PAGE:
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Philip Morris takes aim at young people in India, and health officials are fuming

The tobacco giant is pushing Marlboros in colorful ads at kiosks and handing out free smokes at parties frequented by young adults – tactics that break India’s anti-smoking laws, government officials say. Internal documents uncovered by Reuters illuminate the strategy.
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Tanzania inaugurates US$30 million Philip Morris cigarette factory

Tanzanian President John Magufuli inaugurated a 30-million-U.S. dollar cigarette factory owned by Philip Morris Tanzania Limited, an affiliate of Philip Morris International, the world’s leading tobacco company.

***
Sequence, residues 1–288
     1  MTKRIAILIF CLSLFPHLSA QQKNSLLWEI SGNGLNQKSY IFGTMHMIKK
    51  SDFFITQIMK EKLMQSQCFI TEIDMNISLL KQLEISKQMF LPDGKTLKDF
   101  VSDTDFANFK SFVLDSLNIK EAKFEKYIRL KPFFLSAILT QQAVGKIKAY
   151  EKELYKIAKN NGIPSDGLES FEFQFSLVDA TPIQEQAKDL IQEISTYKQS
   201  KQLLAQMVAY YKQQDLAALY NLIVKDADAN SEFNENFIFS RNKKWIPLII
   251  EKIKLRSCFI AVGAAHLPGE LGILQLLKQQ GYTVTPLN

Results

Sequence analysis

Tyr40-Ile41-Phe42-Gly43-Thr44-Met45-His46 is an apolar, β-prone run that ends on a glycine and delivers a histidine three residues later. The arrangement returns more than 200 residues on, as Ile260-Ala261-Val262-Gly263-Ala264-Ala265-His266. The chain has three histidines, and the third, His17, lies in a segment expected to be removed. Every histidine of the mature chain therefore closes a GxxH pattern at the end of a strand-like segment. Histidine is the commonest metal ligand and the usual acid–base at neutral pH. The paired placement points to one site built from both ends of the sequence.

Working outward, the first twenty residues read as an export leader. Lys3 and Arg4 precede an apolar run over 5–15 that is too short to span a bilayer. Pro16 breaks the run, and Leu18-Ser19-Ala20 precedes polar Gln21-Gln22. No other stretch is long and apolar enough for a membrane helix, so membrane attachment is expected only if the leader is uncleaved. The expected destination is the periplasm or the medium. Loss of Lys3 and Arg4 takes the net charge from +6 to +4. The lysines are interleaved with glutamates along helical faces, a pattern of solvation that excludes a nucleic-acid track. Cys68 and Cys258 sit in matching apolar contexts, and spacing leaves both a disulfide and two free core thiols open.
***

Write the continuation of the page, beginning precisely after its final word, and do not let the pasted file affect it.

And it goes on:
“At the same time Philip Morris International is promoting its ‘Unsmoke’ campaign in an effort to convince the world they are not interested in promoting their Marlboro cigarettes to new customers,” said Maurice Swanson, Chief Executive, ACOSH.

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How US FDA is Regulating E-Cigarettes

“What is clear is the explosion of use and nicotine addiction in children driven by the advent of ENDS, especially the pod-based products such as JUUL. After years of witnessing a steady decline in the use of tobacco products by children and young adults, we are now seeing a rapid resurgence of the use of tobacco products in these populations.